* Any views expressed in this opinion piece are those of the author and not of Thomson Reuters Foundation.
Human rights amnesty is needed as migrants in Britain struggle during pandemic
By Matt Reynolds, volunteer for Kalayaan, the UK’s leading charity working to improve employment rights for migrant domestic workers.
With welcome news of a vaccine rollout, Kalayaan wrote to government ministers in December 2020 asking them to ensure that all migrant domestic workers are eligible for the coronavirus vaccine irrespective of their immigration status. In their letter, the charity also noted the impact of the government’s hostile environment policies and how this has prevented some workers from registering with a GP, a crucial step to receiving the vaccine and combating the public health crisis.
We should have been pleased, then, when on Monday, the government announced that “Coronavirus vaccines will be offered to everyone living in the UK free of charge, regardless of immigration status” and that no patients would be subject to immigration checks. Seemingly, the government thought this was a good move and a necessary step in the battle to defeat COVID-19. They were wrong. Over 140 organisations representing migrant communities swiftly denounced it as a futile gesture; a move which completely failed to comprehend the fear instilled into migrants after years of policies designed to bar them from having a home, a job, or access to the NHS if they were sick. As the Joint Council for the Welfare of Immigrants’ recent research demonstrates, migrants will remain afraid to access public services until concrete action is taken to reverse the hostile environment.
One strong example of the need to ensure migrants are properly protected through the pandemic and beyond can be found in the case of migrant domestic workers. Since 2012, this group has been subject to a non-renewable 6-month visa. To make matters worse, between 2012 and 2016, workers were tied to a specific employer which only served to see a spike in reported cases of abuse to Kalayaan.
The 2012 changes were brought in to reflect the government’s thinking (which remains the case now) that domestic work is low skilled and is not deserving of a route to settlement in the UK. Following campaigning by migrant domestic workers and their allies, the government accepted in 2016 that workers shouldn’t be trapped in abuse and permitted an escape route by allowing them to change employer. The catch? Migrant domestic workers can only change employers whilst their visa – fixed at 6 months – is valid. What that means in practice is, workers have months, more often than not weeks, to find a new employer, without references, and without proof of ID because their controlling and abusive employers steal their passports containing their visa.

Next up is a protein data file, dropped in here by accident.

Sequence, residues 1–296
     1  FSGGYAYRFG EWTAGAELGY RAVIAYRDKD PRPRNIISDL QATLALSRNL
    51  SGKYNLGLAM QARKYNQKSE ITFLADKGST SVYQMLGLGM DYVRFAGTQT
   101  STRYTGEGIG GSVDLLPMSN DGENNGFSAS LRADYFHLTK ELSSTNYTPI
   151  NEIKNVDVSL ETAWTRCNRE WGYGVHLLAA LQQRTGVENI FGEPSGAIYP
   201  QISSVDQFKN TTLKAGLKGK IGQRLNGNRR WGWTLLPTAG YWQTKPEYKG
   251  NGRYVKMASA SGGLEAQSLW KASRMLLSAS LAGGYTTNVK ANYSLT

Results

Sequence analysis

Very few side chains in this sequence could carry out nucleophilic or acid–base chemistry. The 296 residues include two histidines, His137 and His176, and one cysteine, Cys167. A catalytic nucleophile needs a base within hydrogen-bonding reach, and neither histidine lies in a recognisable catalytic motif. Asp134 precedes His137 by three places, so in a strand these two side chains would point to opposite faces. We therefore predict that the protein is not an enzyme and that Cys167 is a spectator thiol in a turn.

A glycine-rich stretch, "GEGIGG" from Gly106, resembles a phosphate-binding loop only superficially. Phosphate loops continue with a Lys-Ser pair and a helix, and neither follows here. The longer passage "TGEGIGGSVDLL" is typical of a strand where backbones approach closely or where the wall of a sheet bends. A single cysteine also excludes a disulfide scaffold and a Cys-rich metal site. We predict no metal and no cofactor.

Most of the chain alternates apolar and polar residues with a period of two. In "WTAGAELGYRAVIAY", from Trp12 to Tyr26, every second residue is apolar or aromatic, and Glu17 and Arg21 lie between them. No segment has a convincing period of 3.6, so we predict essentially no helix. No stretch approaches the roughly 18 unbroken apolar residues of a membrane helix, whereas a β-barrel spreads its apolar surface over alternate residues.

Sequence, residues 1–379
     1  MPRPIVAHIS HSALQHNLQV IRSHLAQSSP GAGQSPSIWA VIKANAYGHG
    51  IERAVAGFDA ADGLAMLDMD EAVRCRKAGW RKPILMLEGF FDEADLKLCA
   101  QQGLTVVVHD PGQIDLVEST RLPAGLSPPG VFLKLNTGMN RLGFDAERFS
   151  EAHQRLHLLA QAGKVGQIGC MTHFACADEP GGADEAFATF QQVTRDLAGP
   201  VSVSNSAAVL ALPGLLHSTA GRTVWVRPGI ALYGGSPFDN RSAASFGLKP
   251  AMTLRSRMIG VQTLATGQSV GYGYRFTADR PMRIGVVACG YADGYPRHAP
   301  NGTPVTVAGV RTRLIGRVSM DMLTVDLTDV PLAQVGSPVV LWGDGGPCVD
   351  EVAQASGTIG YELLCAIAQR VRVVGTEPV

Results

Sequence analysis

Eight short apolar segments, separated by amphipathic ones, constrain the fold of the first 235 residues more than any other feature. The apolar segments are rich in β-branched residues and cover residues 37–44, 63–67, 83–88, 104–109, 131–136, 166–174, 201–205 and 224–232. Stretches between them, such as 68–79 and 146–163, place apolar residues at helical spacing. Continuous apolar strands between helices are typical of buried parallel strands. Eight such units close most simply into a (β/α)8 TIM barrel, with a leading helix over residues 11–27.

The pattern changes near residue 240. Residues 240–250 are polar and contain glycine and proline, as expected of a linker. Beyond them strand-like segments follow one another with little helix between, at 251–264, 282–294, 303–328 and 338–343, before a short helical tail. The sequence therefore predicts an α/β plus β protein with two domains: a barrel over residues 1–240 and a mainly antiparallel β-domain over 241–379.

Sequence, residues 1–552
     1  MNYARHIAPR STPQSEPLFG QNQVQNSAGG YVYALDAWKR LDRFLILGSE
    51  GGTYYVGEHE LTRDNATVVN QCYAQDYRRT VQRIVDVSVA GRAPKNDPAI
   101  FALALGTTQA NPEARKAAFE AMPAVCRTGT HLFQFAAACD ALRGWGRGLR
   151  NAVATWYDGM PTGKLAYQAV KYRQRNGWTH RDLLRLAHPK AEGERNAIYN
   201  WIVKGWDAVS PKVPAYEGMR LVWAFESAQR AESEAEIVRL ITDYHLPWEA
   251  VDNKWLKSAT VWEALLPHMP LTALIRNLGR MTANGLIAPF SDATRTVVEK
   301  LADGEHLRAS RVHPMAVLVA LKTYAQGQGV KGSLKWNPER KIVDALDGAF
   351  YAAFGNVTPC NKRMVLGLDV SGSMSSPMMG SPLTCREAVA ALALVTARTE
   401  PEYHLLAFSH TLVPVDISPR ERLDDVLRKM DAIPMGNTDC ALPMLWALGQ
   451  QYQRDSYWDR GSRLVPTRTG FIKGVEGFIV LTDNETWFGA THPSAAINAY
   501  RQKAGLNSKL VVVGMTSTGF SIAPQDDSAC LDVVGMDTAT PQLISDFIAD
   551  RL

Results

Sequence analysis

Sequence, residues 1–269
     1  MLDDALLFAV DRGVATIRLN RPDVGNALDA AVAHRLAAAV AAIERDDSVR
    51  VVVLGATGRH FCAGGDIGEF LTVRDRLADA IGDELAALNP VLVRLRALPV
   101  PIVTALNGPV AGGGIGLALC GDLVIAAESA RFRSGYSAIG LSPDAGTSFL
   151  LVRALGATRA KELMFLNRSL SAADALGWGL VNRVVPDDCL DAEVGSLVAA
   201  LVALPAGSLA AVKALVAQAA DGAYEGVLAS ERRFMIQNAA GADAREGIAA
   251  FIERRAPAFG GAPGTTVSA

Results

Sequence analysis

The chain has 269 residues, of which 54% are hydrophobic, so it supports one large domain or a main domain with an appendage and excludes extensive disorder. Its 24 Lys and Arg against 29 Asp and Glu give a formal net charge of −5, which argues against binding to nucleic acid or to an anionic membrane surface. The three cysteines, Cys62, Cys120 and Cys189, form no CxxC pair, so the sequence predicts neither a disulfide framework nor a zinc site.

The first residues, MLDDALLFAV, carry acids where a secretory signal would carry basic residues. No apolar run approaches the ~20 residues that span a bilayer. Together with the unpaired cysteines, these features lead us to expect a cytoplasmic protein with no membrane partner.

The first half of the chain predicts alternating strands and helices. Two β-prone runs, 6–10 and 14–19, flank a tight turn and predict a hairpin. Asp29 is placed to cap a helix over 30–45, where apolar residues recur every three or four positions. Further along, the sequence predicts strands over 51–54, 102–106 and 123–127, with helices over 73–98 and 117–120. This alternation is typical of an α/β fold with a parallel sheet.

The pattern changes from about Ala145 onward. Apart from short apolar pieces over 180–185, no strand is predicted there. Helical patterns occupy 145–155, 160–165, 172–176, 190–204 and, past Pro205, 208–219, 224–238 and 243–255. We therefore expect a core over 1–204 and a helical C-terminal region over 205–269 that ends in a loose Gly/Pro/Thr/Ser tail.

The government maintains that workers who have been trafficked or enslaved can enter the National Referral Mechanism (NRM) to receive support but this does nothing to prevent abuse from happening in the first place and is of no help to those whose treatment does not amount to trafficking or slavery.
There is a solution to this problem, one that has been tried and tested and is cited nationally and internationally as best practice. It’s to give rights to these workers and restore the original Overseas Domestic Worker visa. Introduced in 1998 and in place until 2012, this visa gave certain basic but fundamental rights to this workforce including the right to renew their visa, put down roots in the UK and apply to remain permanently. These rights kept workers safe and meant they could challenge abuse when it occurred – they could go to the police and prevent the cycle of abuse repeating itself, they could take their employer before the tribunal and claim for unpaid wages. They could do all this whilst working and supporting themselves and their loved ones.
Nine years after migrant domestic workers had their rights stolen and a year into this pandemic, if the UK government is serious about combating the virus, protecting public health and not tolerating abuse of some of society’s most vulnerable, it must give rights back to migrant domestic workers and restore the original Overseas Domestic Worker visa. Only then, will workers be adequately protected and feel confident enough to register with a GP and access services that will keep everyone safe.